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Is there a unique geodesics between any two points in the NIL (resp. SOL) geometry? If so, is there a nice way of parametrizing them? For example geodesics in $S^3$ can be parametrized using the embedding in $\mathbb{R}^4$ and $\sin , \cos$ functions. Geodesics in hyperbolic space can be parametrized using the hyperboloid model and the functions sinh,cosh.

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Look at [Kaplan, On the geometry of groups of Heisenberg type. Bull. London Math. Soc. 15 (1983), no. 1, 35--42], as well as the papers referring to it in mathscinet. –  Igor Belegradek Sep 29 '10 at 13:31
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up vote 14 down vote accepted

The geodesics between points are not unique in both cases. Moreover the following is true: if $M$ is a universal cover of a compact Riemannian manifold whose fundamental group is virtually solvable but not virtually abelian, then there are conjugate points on some geodesics in $M$ and hence geodesics between some points are not unique.

See Croke and Schroeder "The fundamental group of compact manifolds without conjugate points", Comment. Math. Helv. 61 (1986), no. 1, 161--175, MR847526, for the case when the metric is analytic, and Lebedeva "On the fundamental group of a compact space without conjugate points", here, for the general case.

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There are not unique geodesics between points in Sol geometry. The Sol metric on $\mathbb{R}^3$ may be given as $e^{-z}dx^2+e^zdy^2+dz^2$. The claim is that there is not a unique geodesic between $(0,0,0)$ and $(t,t,0)$ for $t$ large enough.

There is a rotational isometry $(x,y,z)\overset{\varphi}{\mapsto}(y,x,-z)$. This leaves invariant the line $l=\{(t,t,0)|t\in \mathbb{R}\}$, and therefore $l$ is a geodesic. For $t$ small enough, $(t,t,0)$ will lie in a normal coordinate patch about $(0,0,0)$, so $l$ will be the unique shortest geodesic between these points.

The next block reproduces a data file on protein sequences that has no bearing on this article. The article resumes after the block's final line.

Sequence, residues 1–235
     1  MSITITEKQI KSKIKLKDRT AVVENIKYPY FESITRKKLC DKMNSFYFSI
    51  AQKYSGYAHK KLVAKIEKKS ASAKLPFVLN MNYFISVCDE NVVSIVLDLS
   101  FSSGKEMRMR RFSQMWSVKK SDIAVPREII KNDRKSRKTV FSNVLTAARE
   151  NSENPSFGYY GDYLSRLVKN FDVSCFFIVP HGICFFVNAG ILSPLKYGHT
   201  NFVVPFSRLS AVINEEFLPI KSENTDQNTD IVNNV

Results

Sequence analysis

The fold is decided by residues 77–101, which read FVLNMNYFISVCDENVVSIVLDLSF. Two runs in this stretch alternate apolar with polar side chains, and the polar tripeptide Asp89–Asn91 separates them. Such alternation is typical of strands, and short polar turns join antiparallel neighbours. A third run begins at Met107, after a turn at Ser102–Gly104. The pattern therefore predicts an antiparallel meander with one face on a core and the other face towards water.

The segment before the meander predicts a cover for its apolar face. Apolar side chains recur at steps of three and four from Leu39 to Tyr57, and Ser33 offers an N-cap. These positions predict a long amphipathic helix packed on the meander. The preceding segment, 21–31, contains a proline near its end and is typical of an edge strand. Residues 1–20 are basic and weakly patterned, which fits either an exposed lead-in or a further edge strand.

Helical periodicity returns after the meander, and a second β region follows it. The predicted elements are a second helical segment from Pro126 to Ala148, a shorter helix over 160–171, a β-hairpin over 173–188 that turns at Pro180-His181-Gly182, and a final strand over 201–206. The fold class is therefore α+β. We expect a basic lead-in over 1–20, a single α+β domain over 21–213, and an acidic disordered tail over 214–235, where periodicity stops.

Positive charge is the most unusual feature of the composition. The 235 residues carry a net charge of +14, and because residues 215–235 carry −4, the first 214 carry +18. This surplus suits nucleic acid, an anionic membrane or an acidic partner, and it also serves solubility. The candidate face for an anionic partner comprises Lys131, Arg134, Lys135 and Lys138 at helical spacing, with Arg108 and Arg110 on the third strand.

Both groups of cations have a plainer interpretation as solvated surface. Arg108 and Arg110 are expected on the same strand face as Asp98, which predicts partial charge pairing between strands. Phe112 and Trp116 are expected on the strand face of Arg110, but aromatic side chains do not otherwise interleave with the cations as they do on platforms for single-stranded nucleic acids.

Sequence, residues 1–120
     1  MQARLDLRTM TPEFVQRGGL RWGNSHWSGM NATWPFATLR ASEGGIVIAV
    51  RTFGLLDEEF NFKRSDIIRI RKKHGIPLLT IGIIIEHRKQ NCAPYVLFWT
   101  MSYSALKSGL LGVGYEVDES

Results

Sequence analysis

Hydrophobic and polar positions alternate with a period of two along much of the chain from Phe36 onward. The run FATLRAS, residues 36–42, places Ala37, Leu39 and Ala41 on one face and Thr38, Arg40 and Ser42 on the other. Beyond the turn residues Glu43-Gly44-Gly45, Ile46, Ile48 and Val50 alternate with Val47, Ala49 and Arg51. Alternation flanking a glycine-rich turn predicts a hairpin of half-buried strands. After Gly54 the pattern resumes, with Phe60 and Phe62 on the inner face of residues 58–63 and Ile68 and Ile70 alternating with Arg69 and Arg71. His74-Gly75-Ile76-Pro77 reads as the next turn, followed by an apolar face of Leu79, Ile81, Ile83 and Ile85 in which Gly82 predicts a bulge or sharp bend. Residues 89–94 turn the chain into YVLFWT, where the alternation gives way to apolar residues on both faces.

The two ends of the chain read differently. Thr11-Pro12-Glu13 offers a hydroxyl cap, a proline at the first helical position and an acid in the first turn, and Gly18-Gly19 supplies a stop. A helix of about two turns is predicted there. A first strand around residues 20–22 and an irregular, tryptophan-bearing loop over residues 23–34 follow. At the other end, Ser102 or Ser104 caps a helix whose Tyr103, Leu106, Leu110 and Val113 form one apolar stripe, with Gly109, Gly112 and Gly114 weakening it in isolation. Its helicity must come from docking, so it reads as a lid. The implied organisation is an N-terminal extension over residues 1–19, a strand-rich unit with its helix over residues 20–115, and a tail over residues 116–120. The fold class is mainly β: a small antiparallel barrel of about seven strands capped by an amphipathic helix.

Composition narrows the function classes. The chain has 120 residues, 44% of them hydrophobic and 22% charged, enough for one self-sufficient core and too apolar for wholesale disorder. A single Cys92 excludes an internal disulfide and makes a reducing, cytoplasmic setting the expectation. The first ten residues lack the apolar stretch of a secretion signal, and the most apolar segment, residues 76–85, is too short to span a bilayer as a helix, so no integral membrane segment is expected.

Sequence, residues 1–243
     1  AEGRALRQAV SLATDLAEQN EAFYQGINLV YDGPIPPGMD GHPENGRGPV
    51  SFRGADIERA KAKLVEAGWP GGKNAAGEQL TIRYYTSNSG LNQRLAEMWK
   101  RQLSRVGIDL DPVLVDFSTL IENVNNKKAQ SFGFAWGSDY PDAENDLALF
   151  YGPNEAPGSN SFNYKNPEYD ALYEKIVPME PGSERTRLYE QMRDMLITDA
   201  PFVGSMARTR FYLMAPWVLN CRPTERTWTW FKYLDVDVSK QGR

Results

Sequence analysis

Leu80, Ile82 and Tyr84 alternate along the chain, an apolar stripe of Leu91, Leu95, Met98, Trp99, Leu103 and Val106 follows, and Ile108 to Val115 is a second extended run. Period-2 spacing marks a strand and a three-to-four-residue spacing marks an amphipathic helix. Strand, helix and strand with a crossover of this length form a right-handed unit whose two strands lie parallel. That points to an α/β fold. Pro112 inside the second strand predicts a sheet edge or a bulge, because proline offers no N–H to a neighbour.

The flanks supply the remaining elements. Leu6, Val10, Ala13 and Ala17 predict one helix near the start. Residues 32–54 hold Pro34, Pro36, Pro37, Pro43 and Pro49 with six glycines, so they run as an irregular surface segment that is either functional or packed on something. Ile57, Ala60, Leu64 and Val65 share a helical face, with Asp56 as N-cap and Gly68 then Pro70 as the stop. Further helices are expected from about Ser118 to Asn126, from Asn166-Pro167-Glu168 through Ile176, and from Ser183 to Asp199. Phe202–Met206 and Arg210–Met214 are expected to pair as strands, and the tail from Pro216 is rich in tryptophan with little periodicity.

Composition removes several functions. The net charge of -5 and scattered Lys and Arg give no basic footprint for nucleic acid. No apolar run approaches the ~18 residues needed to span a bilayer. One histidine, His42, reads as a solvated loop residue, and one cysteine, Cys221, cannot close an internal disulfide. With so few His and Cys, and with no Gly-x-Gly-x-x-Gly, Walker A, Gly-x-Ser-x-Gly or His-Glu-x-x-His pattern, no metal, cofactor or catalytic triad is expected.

However, for $t$ large, there are much shorter paths connecting $(0,0,0)$ and $(t,t,0)$. The length of the geodesic $l$ is linear in $t$. But one may take a piecewise geodesic path, starting as a geodesic in the hyperbolic plane $x=0$ connecting $(0,0,0)$ and $(0,t,0)$, and then a geodesic in the hyperbolic plane $y=t$ connecting $(0,t,0)$ and $(t,t,0)$. Since the path $(0,u,0), 0\leq u\leq t$ is a horocycle in the hyperbolic plane $x=0$, and similarly $(u,t,0),0\leq u\leq t$ is a horocycle in the hyperbolic plane $y=t$, the length of this piecewise geodesic path is on the order of $C\log(t)$. Since the metric space is complete, there is a minimal length geodesic connecting $(0,0,0)$ and $(t,t,0)$ which is not invariant under $\varphi$, and thus there are at least two minimal length geodesic paths (and at least three geodesics) connecting the two points.

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Despite their non-uniqueness, a lot is known about geodesics of left-invariant metrics on Heisenberg groups. For example, Jang-Park [Conjugate points on 2-step nilpotent groups, Geom. Dedicata 79 (2000), no. 1, 65--80] describe conjugate points for all geodesic passing through the idenity element of a simply-connected 2-step nilpotent Lie group with 1-dimensional center. Earlier Kaplan and Eberlein obtained explicit equations for geodesics (see references in the above paper).

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